Functional characterization of a 'plant-like' HYL1 homolog in the cnidarian Nematostella vectensis indicates a conserved involvement in microRNA biogenesis

Abstract

While the biogenesis of microRNAs (miRNAs) in both animals and plants depends on the RNase III Dicer, its partner proteins are considered distinct for each kingdom. Nevertheless, recent discovery of homologs of Hyponastic Leaves1 (HYL1), a 'plant-specific' Dicer partner, in the metazoan phylum Cnidaria, challenges the view that miRNAs evolved convergently in animals and plants. Here we show that the HYL1 homolog Hyl1-like a (Hyl1La) is crucial for development and miRNA biogenesis in the cnidarian model Nematostella vectensis. Inhibition of Hyl1La by morpholinos resulted in metamorphosis arrest in Nematostella embryos and a significant reduction in levels of most miRNAs. Further, meta-analysis of morphants of miRNA biogenesis components, like Dicer1, shows clustering of their miRNA profiles with Hyl1La morphants. Strikingly, immunoprecipitation of Hyl1La followed by quantitative PCR revealed that in contrast to the plant HYL1, Hyl1La interacts only with precursor miRNAs and not with primary miRNAs. This was complemented by an in vitro binding assay of Hyl1La to synthetic precursor miRNA. Altogether, these results suggest that the last common ancestor of animals and plants carried a HYL1 homolog that took essential part in miRNA biogenesis and indicate early emergence of the miRNA system before plants and animals separated.

Data availability

RNA sequencing data are available at NCBI-SRA under BioProject ID PRJNA630340.

The following data sets were generated

Article and author information

Author details

  1. Abhinandan M Tripathi

    Department of Ecology, Evolution and Behavior, The Hebrew University of Jerusalem, Jerusalem, Israel
    Competing interests
    The authors declare that no competing interests exist.
  2. Yael Admoni

    Department of Ecology, Evolution and Behavior, The Hebrew University of Jerusalem, Jerusalem, Israel
    Competing interests
    The authors declare that no competing interests exist.
  3. Arie Fridrich

    Department of Ecology, Evolution and Behavior, The Hebrew University of Jerusalem, Jerusalem, Israel
    Competing interests
    The authors declare that no competing interests exist.
  4. Magda Lewandowska

    Department of Ecology, Evolution and Behavior, The Hebrew University of Jerusalem, Jerusalem, Israel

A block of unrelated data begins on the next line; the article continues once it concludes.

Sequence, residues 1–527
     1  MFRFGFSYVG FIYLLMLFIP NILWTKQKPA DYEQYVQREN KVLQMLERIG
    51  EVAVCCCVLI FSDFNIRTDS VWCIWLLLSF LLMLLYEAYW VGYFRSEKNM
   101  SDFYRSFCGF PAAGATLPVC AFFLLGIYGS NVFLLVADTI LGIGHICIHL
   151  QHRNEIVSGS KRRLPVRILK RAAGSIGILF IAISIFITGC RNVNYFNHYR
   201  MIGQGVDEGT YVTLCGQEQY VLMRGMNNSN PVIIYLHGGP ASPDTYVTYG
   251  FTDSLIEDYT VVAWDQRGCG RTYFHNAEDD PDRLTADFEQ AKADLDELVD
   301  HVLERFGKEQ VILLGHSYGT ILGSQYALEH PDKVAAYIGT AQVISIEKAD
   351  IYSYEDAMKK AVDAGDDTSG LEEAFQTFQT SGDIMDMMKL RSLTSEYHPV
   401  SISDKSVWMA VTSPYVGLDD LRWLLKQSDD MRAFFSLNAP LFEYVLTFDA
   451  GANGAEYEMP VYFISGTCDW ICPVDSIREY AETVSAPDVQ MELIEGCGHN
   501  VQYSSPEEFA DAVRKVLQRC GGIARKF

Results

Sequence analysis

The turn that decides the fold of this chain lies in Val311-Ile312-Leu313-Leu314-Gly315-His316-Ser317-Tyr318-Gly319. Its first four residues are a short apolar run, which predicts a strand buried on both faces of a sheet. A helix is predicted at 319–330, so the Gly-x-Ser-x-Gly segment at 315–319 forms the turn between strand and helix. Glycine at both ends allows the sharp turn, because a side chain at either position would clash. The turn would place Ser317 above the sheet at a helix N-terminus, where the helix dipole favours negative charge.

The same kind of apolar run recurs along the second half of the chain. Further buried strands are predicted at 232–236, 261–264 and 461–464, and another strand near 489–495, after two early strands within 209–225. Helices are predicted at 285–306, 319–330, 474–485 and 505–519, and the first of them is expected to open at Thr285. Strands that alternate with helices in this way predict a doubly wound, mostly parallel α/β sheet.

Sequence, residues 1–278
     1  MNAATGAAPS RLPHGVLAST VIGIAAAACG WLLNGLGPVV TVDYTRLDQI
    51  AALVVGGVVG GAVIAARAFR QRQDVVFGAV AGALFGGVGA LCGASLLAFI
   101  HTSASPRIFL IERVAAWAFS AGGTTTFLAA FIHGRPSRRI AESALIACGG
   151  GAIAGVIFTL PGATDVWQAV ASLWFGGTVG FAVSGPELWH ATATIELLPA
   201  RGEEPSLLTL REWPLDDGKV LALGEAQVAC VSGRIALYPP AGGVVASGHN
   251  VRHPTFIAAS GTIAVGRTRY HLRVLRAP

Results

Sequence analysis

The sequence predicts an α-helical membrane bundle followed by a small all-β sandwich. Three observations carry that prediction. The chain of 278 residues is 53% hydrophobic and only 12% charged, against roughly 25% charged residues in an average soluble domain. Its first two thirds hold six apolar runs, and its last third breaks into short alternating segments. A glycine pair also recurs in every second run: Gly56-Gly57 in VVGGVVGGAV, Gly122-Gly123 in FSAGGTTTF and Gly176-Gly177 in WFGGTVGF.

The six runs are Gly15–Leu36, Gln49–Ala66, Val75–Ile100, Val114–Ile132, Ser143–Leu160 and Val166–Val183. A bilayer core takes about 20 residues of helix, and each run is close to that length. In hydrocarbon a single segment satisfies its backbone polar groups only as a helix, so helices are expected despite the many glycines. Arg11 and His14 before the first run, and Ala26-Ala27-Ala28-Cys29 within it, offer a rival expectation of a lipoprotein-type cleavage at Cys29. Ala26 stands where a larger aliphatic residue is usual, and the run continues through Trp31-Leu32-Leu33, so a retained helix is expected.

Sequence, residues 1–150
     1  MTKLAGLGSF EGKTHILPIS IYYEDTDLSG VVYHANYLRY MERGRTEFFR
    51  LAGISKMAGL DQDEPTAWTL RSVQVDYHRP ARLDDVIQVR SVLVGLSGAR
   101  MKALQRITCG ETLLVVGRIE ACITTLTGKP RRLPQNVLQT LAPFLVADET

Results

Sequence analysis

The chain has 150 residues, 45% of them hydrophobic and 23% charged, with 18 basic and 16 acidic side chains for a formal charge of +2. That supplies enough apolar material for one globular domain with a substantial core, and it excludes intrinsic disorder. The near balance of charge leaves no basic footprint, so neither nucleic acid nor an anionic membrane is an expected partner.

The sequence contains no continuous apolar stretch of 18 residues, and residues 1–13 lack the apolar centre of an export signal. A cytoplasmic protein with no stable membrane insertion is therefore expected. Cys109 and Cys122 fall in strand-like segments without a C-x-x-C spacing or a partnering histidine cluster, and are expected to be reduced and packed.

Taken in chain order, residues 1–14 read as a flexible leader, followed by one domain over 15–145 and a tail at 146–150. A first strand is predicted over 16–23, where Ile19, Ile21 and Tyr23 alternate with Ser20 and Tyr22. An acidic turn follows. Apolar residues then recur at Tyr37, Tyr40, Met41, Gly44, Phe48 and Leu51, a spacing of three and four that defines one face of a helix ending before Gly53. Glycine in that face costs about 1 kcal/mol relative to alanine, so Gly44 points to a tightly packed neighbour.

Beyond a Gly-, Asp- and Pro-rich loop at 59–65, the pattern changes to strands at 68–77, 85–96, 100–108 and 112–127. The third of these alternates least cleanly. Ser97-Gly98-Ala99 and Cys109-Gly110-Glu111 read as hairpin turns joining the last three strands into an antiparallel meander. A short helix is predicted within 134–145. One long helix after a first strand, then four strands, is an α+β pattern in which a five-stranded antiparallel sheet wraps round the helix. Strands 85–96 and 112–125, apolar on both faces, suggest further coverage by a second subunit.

Competing interests
    The authors declare that no competing interests exist.
  5. Joachim M Surm

    Department of Ecology, Evolution and Behavior, The Hebrew University of Jerusalem, Jerusalem, Israel
    Competing interests
    The authors declare that no competing interests exist.
  6. Reuven Aharoni

    Department of Ecology, Evolution and Behavior, The Hebrew University of Jerusalem, Jerusalem, Israel
    Competing interests
    The authors declare that no competing interests exist.
  7. Yehu Moran

    Department of Ecology, Evolution and Behavior, The Hebrew University of Jerusalem, Jerusalem, Israel
    For correspondence
    yehu.moran@mail.huji.ac.il
    Competing interests
    The authors declare that no competing interests exist.
    ORCID icon "This ORCID iD identifies the author of this article:" 0000-0001-9928-9294

Funding

H2020 European Research Council (637456)

  • Yehu Moran

H2020 European Research Council (863809)

  • Yehu Moran

The funders had no role in study design, data collection and interpretation, or the decision to submit the work for publication.

Reviewing Editor

  1. René Ketting, IMB Mainz, Germany

Publication history

  1. Preprint posted: May 31, 2020 (view preprint)
  2. Received: April 15, 2021
  3. Accepted: March 14, 2022
  4. Accepted Manuscript published: March 15, 2022 (version 1)
  5. Version of Record published: May 12, 2022 (version 2)

Copyright

© 2022, Tripathi et al.

This article is distributed under the terms of the Creative Commons Attribution License permitting unrestricted use and redistribution provided that the original author and source are credited.

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  1. Abhinandan M Tripathi
  2. Yael Admoni
  3. Arie Fridrich
  4. Magda Lewandowska
  5. Joachim M Surm
  6. Reuven Aharoni
  7. Yehu Moran
(2022)
Functional characterization of a 'plant-like' HYL1 homolog in the cnidarian Nematostella vectensis indicates a conserved involvement in microRNA biogenesis
eLife 11:e69464.
https://doi.org/10.7554/eLife.69464

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